Texas Institute for Brain Injury and Repair
The Texas Institute for Brain Injury and Repair at UT Southwestern Medical Center (TIBIR) is a comprehensive and transformative approach to how brain injuries are prevented and treated. We will draw on our depth of technology advances, innovative research, and exemplary patient care to create a unique collaboration that will enhance the treatment and diagnosis of brain injuries.
The CON-TEX study is designed to capture comprehensive, longitudinal data on sports-related concussion and mild TBI subjects. The data will give a “snapshot” of the current state of concussion assessment and treatment in youth athletes in the Dallas-Fort Worth area, a highly relevant, understudied population. The information gathered will be the foundation on which the design of rigorous clinical research and valuation of treatments will be built. Individuals enrolled in the registry will have the opportunity to participate in future clinical trials testing innovative therapies and diagnostic approaches.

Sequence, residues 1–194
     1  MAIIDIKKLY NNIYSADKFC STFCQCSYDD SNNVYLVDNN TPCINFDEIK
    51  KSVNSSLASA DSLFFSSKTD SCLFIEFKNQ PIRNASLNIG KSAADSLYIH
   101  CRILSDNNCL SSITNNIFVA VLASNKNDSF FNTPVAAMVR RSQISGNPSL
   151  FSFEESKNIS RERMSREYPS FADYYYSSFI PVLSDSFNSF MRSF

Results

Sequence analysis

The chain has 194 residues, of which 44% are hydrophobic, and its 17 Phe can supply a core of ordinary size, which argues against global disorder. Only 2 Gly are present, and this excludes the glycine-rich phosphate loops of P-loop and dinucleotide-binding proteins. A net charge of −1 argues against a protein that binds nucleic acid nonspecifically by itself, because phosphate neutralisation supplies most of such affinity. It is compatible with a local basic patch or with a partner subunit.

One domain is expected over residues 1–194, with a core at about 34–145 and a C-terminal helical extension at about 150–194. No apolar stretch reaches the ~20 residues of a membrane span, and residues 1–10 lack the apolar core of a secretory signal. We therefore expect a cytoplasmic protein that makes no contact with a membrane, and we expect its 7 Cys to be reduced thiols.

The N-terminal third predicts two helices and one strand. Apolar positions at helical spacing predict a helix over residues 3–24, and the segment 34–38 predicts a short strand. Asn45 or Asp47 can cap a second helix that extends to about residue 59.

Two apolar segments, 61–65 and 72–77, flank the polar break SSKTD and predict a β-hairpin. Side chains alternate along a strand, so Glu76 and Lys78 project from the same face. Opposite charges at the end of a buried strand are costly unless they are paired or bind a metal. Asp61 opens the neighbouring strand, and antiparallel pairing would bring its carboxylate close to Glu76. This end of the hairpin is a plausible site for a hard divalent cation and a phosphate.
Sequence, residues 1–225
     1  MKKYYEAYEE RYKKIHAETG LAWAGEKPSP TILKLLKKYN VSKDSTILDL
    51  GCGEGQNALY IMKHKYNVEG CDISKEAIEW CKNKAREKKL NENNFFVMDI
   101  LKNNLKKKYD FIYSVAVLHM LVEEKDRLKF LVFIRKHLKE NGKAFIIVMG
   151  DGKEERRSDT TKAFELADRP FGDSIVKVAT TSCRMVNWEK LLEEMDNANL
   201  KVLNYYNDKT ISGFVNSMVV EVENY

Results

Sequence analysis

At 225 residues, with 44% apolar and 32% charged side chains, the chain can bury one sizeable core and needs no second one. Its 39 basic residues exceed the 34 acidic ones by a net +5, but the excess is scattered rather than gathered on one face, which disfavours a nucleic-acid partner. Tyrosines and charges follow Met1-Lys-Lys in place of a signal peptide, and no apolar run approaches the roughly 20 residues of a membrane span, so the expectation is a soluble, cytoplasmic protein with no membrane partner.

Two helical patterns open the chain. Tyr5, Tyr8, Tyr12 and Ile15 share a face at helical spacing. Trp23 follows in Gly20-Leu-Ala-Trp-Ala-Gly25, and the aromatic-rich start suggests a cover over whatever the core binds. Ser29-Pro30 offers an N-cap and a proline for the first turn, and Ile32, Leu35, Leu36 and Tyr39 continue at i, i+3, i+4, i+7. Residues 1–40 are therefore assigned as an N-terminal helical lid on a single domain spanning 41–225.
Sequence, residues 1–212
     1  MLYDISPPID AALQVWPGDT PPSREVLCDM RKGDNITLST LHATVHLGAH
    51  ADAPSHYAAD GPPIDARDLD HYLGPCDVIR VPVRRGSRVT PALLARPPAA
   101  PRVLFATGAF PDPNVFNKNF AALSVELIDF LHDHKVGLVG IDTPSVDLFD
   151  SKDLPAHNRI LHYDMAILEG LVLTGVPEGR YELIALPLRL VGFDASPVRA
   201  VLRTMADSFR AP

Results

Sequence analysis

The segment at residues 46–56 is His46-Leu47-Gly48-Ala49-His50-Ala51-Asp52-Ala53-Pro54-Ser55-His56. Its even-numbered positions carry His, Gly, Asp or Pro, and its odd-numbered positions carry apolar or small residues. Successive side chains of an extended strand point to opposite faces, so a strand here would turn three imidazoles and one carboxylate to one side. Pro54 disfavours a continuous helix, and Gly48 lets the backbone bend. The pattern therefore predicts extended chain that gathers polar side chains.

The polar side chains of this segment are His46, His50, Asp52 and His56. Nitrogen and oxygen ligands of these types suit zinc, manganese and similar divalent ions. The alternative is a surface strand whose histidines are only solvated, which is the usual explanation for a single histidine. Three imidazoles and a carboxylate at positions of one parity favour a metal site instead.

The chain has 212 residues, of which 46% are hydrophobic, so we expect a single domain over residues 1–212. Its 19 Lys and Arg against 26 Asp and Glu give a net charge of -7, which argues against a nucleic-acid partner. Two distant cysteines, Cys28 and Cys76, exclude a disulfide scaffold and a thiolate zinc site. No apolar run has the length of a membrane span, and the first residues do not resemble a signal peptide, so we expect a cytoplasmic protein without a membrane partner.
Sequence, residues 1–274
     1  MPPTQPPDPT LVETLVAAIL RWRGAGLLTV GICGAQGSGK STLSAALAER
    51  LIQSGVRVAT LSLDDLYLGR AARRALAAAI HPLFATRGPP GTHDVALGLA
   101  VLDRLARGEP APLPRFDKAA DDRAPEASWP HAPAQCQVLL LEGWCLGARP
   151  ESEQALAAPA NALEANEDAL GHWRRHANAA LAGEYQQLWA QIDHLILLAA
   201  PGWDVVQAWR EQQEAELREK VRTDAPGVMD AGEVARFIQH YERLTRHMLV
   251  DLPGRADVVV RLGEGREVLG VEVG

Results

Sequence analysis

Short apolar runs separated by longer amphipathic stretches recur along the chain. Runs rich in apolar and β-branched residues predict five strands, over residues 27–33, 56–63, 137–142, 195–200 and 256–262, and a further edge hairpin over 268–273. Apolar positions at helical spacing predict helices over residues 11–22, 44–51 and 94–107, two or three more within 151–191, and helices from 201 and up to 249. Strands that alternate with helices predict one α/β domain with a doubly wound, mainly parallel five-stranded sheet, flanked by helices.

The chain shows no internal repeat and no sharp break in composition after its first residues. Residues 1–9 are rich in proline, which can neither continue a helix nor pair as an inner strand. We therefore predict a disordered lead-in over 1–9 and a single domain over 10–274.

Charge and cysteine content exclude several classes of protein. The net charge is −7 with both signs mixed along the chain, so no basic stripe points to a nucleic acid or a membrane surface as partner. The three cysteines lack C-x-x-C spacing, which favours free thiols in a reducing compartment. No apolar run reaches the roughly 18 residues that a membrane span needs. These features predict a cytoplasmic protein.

TIBIR funding leads to discovery of connection between concussions in NFL players and brain changes later in life
In the first study of its kind, former National Football League (NFL) players who lost consciousness due to concussion during their playing days showed key differences in brain structure later in life. The findings were reported in JAMA Neurology, and they represent the first study to compare the relationship between hippocampal volume, memory performance, and concussion severity.
The microscopes are the latest generation in serial two-photon laser imaging, and are the centerpiece of TIBIR's new Whole Brain Microscopy Facility. The facility will be a major resource for scientists researching traumatic brain injury and neurodegenerative diseases.
TIBIR funding propels research, leads to additional funding and publication
Jenny Hsieh, Ph.D., (middle), one of the first recipients of a grant from TIBIR, has been awarded R01 and R21 grants in addition to a DoD Discovery Award. Dr. Hsieh says the support from TIBIR led to the additional grants by allowing her lab to complete work on aberrant neurogenesis in epilepsy. Her research was published in Nature Communications.